Pulao: an aromatic rice pilaf

 

Drinks

Lassi: a yogurt drink, like a smoothie; mango lassis are classic!

Chai: “chai” means tea in Hindi, so you’re not guaranteed to get the kind of chai you would expect at home.  “Masala chai” is what you probably have in mind (remember, “masala” means spiced, so you’re asking for spiced tea).  “Milk tea” refers to a plain black tea with milk.

Water: when you’re asking for bottled water, it might help to ask for “mineral water”; it just leaves no room for misunderstanding that you want tap water.

 

Fan Favorites

Butter Chicken, and its vegetarian brother, Paneer Butter Masala:  a rich, creamy tomato sauce with cubes of tender chicken or paneer.

Dal makhani.

Dal makhani.

Dal Makhani: a black lentil dal; all you need to know is “makhani” means “with butter.”  Yum.

Matar paneer: creamy peas with cheese cubes

Saag paneer: creamy spinach with cheese cubes

Chana masala: chickpea curry

Malai kofta: paneer and vegetable dumplings in a creamy sauce

 

NOTES:

  •  “Pure veg” in India means no meat and no eggs, but DOES include dairy.
  •  Make sure that your utensils, plates, and cups are dry before using them. We don’t like to take any chances with stray drops of tap water!  Better safe than sorry, right?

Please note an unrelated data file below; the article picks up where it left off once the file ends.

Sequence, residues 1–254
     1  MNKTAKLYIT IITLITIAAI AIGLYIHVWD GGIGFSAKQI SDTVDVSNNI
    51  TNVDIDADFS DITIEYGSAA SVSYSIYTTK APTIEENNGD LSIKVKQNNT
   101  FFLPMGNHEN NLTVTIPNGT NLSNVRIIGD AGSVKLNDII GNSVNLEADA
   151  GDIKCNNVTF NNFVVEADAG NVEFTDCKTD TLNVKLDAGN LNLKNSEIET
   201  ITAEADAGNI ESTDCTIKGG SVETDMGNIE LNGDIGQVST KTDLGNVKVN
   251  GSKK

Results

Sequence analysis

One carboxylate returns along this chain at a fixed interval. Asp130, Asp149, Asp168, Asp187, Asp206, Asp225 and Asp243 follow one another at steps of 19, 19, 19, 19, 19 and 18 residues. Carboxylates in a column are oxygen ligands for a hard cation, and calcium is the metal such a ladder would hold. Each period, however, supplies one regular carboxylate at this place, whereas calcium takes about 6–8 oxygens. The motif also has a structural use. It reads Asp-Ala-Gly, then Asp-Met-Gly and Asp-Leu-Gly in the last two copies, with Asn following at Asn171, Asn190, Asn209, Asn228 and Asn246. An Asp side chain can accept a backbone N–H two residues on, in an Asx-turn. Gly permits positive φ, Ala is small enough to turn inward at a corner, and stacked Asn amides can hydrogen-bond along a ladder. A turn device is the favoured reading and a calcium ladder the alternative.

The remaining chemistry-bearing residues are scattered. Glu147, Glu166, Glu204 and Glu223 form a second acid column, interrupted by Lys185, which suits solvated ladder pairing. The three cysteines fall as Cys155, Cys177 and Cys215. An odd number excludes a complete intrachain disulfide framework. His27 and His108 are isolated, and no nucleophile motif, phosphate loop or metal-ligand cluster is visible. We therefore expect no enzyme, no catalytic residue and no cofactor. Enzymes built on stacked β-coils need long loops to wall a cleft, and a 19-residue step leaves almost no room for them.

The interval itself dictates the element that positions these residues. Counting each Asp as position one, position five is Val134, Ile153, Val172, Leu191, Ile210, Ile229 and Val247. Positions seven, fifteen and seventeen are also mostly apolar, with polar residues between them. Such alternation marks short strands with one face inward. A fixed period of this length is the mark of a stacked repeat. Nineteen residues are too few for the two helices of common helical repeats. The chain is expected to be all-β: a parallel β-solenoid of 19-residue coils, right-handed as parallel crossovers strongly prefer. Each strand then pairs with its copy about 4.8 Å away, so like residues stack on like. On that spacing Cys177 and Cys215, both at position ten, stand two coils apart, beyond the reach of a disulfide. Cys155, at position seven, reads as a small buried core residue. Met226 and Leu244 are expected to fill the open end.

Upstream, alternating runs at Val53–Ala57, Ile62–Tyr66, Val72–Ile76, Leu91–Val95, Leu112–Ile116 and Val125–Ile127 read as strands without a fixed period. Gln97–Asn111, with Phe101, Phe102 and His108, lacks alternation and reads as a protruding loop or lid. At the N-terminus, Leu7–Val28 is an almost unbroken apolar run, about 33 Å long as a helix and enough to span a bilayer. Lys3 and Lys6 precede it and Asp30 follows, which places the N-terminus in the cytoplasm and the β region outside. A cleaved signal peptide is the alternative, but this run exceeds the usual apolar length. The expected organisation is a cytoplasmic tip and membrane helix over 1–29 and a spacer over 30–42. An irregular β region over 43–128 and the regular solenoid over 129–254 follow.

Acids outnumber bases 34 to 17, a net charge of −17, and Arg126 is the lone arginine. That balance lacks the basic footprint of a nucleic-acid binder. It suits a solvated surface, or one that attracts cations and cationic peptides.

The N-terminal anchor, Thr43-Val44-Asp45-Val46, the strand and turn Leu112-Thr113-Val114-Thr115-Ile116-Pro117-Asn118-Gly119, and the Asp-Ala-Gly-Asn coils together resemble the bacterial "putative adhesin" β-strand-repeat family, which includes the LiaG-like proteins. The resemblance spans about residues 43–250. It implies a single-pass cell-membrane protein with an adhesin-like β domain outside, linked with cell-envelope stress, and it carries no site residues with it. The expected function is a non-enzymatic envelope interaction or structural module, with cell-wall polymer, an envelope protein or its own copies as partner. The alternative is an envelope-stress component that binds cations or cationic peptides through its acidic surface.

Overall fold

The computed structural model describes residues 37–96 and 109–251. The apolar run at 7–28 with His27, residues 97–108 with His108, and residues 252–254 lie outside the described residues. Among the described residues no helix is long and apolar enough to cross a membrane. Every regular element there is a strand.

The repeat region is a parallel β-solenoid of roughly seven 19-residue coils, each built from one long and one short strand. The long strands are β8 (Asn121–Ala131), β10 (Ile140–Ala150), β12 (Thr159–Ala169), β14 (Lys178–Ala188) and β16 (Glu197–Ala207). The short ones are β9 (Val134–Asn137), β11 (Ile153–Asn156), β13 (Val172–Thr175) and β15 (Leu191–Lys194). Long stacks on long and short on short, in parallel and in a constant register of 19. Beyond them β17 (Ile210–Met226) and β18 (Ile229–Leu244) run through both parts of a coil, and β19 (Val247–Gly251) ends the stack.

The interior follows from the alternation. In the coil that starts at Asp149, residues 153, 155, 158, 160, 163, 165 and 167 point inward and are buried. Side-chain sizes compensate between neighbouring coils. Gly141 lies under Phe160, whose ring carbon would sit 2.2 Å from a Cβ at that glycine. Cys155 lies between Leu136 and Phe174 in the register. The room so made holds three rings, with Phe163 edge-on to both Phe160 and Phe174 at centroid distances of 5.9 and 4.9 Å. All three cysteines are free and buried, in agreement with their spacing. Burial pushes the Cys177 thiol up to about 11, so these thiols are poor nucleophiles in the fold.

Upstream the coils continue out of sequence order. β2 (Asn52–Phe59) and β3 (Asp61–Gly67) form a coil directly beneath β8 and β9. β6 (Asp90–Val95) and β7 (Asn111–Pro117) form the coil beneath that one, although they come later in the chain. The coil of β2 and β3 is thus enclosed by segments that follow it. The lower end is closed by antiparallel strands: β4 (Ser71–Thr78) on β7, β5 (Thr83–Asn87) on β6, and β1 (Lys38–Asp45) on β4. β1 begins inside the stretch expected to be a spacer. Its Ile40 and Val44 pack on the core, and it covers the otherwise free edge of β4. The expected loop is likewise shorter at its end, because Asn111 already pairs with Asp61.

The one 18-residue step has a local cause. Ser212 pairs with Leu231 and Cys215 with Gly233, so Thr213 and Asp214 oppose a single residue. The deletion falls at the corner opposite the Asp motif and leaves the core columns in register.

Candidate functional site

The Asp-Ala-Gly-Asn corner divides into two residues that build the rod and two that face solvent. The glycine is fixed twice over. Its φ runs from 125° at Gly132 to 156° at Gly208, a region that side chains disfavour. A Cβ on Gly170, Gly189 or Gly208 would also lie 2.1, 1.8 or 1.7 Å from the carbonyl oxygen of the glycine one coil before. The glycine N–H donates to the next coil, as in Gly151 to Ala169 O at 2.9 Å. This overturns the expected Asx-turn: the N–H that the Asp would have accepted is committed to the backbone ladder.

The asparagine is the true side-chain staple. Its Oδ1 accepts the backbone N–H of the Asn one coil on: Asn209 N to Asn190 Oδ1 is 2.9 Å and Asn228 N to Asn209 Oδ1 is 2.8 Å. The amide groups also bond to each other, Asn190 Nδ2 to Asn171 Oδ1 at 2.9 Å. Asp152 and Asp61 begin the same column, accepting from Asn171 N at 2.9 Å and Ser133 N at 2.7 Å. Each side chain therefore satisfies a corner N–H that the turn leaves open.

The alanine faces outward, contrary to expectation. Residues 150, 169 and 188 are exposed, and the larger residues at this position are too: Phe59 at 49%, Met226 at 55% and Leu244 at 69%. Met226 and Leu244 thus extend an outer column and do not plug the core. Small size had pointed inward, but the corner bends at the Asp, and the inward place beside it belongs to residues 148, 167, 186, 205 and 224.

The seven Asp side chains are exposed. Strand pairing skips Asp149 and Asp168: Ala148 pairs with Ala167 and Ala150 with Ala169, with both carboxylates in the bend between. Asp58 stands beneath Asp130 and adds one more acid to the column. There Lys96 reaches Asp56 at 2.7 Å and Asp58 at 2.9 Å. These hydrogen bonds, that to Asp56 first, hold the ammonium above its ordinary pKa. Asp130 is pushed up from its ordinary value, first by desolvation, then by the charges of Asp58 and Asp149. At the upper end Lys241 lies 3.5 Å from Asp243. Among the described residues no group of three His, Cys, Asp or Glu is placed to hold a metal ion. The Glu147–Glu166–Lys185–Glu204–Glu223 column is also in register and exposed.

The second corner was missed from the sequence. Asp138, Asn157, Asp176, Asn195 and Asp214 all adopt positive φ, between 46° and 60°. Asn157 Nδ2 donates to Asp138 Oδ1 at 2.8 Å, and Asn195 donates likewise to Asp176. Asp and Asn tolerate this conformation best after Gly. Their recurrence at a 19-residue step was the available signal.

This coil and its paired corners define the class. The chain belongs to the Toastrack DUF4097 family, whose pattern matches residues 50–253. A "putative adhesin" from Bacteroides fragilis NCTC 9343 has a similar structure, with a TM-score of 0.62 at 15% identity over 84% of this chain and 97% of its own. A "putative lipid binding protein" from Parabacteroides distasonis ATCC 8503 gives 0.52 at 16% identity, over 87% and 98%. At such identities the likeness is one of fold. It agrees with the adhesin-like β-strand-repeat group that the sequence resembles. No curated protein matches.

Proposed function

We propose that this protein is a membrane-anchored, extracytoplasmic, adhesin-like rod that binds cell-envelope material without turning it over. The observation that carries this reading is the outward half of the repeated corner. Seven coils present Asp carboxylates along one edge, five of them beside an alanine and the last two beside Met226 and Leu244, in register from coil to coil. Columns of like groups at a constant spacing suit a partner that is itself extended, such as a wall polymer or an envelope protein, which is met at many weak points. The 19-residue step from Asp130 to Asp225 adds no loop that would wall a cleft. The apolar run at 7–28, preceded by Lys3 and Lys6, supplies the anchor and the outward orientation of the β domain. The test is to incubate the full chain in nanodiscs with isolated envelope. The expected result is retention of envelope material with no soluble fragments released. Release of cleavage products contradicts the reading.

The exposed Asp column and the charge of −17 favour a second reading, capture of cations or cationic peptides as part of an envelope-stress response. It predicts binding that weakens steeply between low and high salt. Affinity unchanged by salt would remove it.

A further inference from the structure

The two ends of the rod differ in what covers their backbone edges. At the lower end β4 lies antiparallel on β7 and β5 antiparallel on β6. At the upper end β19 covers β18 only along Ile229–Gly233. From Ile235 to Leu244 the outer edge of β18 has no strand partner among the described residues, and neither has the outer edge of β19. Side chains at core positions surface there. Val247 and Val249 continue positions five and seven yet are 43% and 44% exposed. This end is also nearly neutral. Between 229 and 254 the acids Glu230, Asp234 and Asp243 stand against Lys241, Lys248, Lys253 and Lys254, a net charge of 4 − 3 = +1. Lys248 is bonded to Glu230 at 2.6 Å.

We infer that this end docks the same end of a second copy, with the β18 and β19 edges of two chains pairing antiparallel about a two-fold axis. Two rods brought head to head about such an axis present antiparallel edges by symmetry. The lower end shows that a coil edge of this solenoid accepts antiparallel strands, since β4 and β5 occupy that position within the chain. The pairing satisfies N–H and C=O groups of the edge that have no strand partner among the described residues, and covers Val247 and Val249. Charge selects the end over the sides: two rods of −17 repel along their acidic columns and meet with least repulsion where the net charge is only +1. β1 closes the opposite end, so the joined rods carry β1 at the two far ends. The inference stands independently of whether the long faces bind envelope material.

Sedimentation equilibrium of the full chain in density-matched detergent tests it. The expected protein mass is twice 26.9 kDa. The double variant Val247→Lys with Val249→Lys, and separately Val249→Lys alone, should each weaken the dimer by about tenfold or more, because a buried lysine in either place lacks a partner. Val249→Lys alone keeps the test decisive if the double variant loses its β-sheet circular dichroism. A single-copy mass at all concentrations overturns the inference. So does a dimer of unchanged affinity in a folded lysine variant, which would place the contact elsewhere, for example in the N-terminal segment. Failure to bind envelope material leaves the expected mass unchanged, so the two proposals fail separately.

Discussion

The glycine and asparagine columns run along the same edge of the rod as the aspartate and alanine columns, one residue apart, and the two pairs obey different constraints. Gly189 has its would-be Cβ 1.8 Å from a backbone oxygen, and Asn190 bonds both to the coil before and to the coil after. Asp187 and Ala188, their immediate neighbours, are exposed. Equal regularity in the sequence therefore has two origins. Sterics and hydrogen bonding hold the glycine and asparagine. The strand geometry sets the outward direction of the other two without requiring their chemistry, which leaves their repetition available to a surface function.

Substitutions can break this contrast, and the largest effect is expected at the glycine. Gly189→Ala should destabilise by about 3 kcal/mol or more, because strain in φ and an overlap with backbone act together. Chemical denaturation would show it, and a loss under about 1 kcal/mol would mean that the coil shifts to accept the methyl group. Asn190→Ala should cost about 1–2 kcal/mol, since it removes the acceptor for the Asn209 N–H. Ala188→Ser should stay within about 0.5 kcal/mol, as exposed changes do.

•  This page is a cool resource for looking up menu items and seeing real life pictures: http://foodlets.in
  •  Our rule of thumb is: peel it, cook it, or forget it.  Pathogenically speaking, cooked food is fine, and peeled raw fruits and vegetables are fine.  Otherwise, you don’t know if it’s been rinsed in tap water which may make you ill.  On that note, most meals are served with a side plate of raw vegetables, like onions, tomatoes, and cucumbers.  As much as we love these veggies, we can’t guarantee they weren’t rinsed in tap water, so we recommend NOT eating them.

 

What about American / Western food in India?

You can find a lot of pretty decent ‘Western’ food in India. They absolutely nail French fries, there are some pretty solid veggie burgers, and pasta is passable.  However, there are some things you need to know before you order American comfort food in India.

  • Cheese sandwich, or grilled cheese:  Expect a triple decker sandwich thick with shredded cheese, mayonnaise, and potentially raw vegetables (see “NOTES” above).  If you see grilled cheese on a menu, you’re most likely going to receive a piece of dry toast with that same shredded cheese/mayo combination.  In short, don’t get your cheese hopes up in India.
  • Pancakes or waffles:  The basics of these are usually pretty solid, but there’s nary a drop of maple syrup in India, so expect a side of honey with these guys. If you’re not int honey, skip it.
  • Mexican food: Just don’t.  Not from a safety perspective, just a taste perspective. You will most likely end up with a plate of curried kidney beans (which is fine unless you had your heart set on a real burrito!)
  • Cake: 99.8% of the time, just don’t do it (unless you’re in a German bakery).
  • Pizza: usually pretty good; thin crust, straightforward. We’ve had some pretty good pizza in India (but don’t even get us started on the pizza in Bali–amazing!!)